In Good Conscience

Dead-right that clubs, not players, get to call the shots

They were the front- and back-page images of the week - in many countries, indeed, they were published on the same day.

On Page 1, the haunting picture of a Turkish policeman carrying the lifeless body of a Syrian child washed up from the sea of desperate migrants trying to flee to a presumed better life in Europe.

On the sports pages, photos of poor, forlorn David de Gea, his career in limbo after his proposed transfer from Manchester United to Real Madrid failed to make the midnight transfer deadline on Monday.

The rising tide of the refugee situation overwhelming Europe is graphically captured in that picture of Aylan Kurdi, the three-year-old boy drowned off Turkey.

And the sometimes obscene trading of football players was perhaps reflected in a single word used by two leading Spanish newspapers to describe de Gea's non-transfer: "Ridiculo!"

The haggling does put men's lives into limbo.

The goalkeepers in Madrid were, either willing or coerced, about to get their life's desire until it fell through in the dead of night.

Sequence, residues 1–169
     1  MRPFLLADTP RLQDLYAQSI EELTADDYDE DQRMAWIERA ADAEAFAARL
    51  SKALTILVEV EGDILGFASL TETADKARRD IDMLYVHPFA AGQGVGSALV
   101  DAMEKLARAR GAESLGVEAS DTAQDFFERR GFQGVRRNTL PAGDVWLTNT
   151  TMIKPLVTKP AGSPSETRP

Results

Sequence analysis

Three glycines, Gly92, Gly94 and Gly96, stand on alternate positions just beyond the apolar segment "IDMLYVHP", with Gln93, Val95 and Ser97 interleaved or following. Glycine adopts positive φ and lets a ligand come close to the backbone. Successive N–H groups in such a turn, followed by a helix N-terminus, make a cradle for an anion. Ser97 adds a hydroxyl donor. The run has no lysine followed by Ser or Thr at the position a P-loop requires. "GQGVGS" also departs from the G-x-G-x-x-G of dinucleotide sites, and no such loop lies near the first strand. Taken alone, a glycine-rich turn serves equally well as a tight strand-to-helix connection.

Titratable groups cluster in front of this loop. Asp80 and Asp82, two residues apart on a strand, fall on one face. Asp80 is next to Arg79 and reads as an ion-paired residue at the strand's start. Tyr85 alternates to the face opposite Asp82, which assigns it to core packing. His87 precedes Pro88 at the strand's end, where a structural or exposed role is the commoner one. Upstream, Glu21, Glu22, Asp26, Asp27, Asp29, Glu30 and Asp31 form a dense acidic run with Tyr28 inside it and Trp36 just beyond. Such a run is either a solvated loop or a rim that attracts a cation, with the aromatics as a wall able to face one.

Yes, the whole mess of transfer policy by which Fifa arbitrarily defines world movements of adult players from a buying to a selling club can happen only in two periods - the July-September "summer window" and a shorter January window which falls in mid-season for the big European leagues.

Whoever we believe between Real and United, these are two of the biggest, wealthiest, most global clubs who, between them, messed up the transfer that we have known since the start of this year was likely to happen.

The clubs, which call themselves the most important in the world, played brinkmanship over not just de Gea, but also Real's Costa Rican goalkeeper Keylor Navas, who was supposed to transfer to United as part of the deal.

This was Real and United trying to squeeze the other over a human trade billed as the homecoming for Madrid-born de Gea.